A period of extended underperformance in emerging markets has started to hit some money managers where it hurts: their assets under management.
The latest financial reports from emerging markets-heavy managers, such as Ashmore Group PLC and Aberdeen Asset Management PLC, show drops in asset flows and, as a result, assets under management. Other managers, however, reported continued net inflows to emerging markets strategies, including Stone Harbor Investment Partners LP and J.P. Morgan Asset Management.
Ashmore's assets under management dropped 4.1% in the three months ended Dec. 31, to $75.3 billion, according to its second-quarter statement, published Jan. 14. Net outflows were $3.5 billion, compared with net inflows of $600 million in the quarter ended Sept. 30. Equities in particular suffered, with equity assets under management dropping 7% to $5.3 billion in the three months ended Dec. 31.
There was a similar story on Jan. 16 when Aberdeen released its interim management statement for the three months ended Dec. 31. The firm, which has a diversified investment offering but is known for its equities and emerging markets strategies, saw assets under management drop 3.4% to £193.6 billion ($320.6 billion), reflecting “continued negative investor sentiment towards Asia and emerging markets generally,” said Martin Gilbert, CEO of the London-based firm, in a conference call on Jan. 16.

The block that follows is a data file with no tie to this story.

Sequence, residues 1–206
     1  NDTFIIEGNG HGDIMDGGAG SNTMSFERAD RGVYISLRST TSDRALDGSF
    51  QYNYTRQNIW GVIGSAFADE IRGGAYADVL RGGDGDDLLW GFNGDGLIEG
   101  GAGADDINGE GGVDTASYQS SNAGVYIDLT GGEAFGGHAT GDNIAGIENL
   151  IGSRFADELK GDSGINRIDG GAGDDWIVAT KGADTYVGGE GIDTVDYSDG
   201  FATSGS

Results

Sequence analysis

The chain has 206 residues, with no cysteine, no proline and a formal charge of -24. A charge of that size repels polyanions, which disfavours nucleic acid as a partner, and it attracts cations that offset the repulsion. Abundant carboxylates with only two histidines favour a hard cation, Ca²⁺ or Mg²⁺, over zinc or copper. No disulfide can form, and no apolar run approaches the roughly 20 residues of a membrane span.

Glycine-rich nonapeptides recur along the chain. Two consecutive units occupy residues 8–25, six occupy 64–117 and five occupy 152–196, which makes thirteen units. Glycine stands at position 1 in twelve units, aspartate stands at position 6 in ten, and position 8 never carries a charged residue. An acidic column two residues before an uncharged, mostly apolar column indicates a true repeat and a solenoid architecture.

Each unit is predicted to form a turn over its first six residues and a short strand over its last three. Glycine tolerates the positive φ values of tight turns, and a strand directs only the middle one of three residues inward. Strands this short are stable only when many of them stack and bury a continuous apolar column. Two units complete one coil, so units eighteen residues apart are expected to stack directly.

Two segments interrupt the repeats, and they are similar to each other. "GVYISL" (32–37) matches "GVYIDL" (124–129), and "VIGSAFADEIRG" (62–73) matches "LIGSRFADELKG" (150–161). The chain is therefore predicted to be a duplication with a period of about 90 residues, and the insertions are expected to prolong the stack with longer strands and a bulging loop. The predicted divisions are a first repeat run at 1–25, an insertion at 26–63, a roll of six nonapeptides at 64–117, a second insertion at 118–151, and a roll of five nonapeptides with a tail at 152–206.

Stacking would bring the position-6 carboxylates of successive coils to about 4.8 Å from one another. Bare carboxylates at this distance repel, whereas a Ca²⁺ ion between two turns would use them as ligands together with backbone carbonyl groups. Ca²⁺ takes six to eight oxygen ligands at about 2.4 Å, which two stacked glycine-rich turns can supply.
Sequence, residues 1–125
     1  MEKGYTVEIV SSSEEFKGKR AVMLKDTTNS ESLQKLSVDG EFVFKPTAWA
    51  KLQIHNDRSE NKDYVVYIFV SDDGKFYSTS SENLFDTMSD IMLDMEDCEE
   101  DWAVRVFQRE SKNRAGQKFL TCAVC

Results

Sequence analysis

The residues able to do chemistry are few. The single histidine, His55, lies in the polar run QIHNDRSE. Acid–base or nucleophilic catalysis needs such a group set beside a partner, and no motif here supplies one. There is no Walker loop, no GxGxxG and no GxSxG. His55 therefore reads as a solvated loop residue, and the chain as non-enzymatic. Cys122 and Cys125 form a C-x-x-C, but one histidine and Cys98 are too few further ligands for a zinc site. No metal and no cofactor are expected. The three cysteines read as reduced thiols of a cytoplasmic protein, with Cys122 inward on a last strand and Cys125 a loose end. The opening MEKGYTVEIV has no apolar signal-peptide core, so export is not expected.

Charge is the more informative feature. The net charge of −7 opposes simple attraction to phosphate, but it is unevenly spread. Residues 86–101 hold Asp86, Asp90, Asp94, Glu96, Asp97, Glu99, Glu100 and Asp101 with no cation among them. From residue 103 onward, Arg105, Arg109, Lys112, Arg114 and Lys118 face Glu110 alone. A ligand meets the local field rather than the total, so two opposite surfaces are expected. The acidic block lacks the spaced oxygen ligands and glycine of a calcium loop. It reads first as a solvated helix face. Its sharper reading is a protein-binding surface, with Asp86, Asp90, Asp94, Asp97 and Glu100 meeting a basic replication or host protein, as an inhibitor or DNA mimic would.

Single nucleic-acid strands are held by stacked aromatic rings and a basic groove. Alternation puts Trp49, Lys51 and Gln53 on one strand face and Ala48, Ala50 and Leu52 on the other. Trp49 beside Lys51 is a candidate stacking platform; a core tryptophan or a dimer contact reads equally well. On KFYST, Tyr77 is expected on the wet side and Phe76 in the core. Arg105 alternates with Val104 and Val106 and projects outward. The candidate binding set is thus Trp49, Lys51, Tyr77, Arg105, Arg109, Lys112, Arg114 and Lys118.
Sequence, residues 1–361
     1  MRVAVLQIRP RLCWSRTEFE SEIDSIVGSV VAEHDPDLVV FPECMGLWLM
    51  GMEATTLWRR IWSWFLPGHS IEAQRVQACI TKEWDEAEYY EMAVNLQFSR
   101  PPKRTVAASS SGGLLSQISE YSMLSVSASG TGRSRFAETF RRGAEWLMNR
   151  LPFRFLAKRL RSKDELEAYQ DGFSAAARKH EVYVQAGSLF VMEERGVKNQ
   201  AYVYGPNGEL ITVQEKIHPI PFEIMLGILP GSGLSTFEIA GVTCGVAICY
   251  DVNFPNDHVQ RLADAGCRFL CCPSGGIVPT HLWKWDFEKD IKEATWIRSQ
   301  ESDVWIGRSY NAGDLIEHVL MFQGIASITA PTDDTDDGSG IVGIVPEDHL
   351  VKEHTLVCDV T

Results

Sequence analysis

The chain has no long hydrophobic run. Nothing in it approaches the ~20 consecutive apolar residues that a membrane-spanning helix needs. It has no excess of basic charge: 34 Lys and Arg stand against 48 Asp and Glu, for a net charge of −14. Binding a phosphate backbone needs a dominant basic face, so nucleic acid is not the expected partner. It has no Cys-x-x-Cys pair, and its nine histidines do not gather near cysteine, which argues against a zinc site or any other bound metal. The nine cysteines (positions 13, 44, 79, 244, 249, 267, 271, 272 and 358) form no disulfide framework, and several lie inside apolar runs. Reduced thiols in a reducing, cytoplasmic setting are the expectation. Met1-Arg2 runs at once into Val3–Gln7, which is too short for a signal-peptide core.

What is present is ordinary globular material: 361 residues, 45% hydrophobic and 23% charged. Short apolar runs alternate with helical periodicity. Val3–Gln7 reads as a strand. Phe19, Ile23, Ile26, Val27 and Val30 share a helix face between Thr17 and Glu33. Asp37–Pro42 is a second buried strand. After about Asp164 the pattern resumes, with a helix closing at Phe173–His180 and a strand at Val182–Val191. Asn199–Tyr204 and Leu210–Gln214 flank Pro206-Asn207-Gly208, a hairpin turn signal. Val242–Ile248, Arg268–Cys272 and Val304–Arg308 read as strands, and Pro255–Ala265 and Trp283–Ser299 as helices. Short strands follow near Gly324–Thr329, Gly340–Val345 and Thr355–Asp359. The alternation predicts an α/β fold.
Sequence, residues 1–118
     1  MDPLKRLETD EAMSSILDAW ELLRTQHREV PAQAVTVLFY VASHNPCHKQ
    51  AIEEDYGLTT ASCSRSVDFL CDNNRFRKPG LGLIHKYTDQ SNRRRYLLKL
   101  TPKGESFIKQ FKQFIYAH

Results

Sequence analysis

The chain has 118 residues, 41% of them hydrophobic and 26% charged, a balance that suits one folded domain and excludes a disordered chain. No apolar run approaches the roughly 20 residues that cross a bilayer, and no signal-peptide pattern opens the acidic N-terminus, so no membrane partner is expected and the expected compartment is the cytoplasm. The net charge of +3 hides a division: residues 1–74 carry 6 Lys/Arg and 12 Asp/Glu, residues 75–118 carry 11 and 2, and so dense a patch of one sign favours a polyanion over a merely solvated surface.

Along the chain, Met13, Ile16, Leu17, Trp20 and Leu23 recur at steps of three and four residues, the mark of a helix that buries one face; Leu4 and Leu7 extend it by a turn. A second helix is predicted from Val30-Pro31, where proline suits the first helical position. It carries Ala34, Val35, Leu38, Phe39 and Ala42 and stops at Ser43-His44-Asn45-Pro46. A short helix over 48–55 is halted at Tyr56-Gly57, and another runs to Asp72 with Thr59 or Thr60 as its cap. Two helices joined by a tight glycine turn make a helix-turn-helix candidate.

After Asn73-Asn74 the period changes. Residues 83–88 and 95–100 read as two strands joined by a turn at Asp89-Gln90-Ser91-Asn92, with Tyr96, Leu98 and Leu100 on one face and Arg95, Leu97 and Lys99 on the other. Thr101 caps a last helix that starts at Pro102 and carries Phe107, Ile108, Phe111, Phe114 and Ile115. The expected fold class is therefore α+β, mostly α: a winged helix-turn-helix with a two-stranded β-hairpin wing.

“I'm not surprised that these assets under management have been coming down,” said Maarten-Jan Bakkum, The Hague, Netherlands-based senior emerging markets strategist at ING Investment Management. “If you are heavily overweight in emerging markets, you are struggling.” He said while emerging markets equities flows had been “OK” at ING, things “are going a bit better than expected” in emerging markets debt for the manager.
One senior executive at a U.K. money management firm, who asked not to be named, said it could be that Aberdeen is a “victim of its own success.” Last February, the manager announced that it was introducing a 2% initial charge on three emerging markets funds in an effort to stem inflows. The unnamed person said: “You can't generate net positive inflows if the fund is (soft) closed.” He also referred to First State Investments, another emerging markets-heavy manager, which closed its Global Emerging Market Leaders Fund to new investors in May 2013.
As of April 2011, as many as half of all emerging markets equity managers had shuttered their strategies because of capacity concerns (Pensions & Investments, April 4, 2011).
Market movements have also been a drag on AUM. The MSCI Emerging Markets index returned -2.4% in U.S. dollar terms for 2013, compared with an 18.6% gain the year before. That compared with the MSCI World index, which gained 27.4% in 2013, up from 16.5% in 2012.
“Emerging market equities started to underperform in October 2010, so it was already a difficult environment,” Mr. Bakkum added. “2013 was a particularly bad year, and also the year where a lot of investors got a wake-up call. In other words, emerging market funds lost capital in both equities and debt.”